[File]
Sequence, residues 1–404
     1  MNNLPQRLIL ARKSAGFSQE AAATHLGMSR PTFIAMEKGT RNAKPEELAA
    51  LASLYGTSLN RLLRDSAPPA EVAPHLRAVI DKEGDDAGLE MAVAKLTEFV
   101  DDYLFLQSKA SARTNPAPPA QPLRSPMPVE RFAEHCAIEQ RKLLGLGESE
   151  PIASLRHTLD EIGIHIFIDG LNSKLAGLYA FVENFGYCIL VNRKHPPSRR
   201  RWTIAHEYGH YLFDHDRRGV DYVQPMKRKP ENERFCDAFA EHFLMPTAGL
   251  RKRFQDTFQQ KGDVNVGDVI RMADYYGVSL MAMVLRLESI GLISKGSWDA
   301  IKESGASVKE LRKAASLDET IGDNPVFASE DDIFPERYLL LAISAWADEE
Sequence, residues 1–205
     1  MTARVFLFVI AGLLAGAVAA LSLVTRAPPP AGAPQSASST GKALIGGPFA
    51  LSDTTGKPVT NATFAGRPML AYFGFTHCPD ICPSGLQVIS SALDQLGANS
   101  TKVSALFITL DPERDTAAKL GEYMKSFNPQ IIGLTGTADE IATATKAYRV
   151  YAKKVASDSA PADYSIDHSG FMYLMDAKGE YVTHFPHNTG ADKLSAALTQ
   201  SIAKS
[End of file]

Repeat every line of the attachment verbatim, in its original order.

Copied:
Sequence, residues 1–404
     1  MNNLPQRLIL ARKSAGFSQE AAATHLGMSR PTFIAMEKGT RNAKPEELAA
    51  LASLYGTSLN RLLRDSAPPA EVAPHLRAVI DKEGDDAGLE MAVAKLTEFV
   101  DDYLFLQSKA SARTNPAPPA QPLRSPMPVE RFAEHCAIEQ RKLLGLGESE
   151  PIASLRHTLD EIGIHIFIDG LNSKLAGLYA FVENFGYCIL VNRKHPPSRR
   201  RWTIAHEYGH YLFDHDRRGV DYVQPMKRKP ENERFCDAFA EHFLMPTAGL
   251  RKRFQDTFQQ KGDVNVGDVI RMADYYGVSL MAMVLRLESI GLISKGSWDA
   301  IKESGASVKE LRKAASLDET IGDNPVFASE DDIFPERYLL LAISAWADEE
Sequence, residues 1–205
     1  MTARVFLFVI AGLLAGAVAA LSLVTRAPPP AGAPQSASST GKALIGGPFA
    51  LSDTTGKPVT NATFAGRPML AYFGFTHCPD ICPSGLQVIS SALDQLGANS
   101  TKVSALFITL DPERDTAAKL GEYMKSFNPQ IIGLTGTADE IATATKAYRV
   151  YAKKVASDSA PADYSIDHSG FMYLMDAKGE YVTHFPHNTG ADKLSAALTQ
   201  SIAKS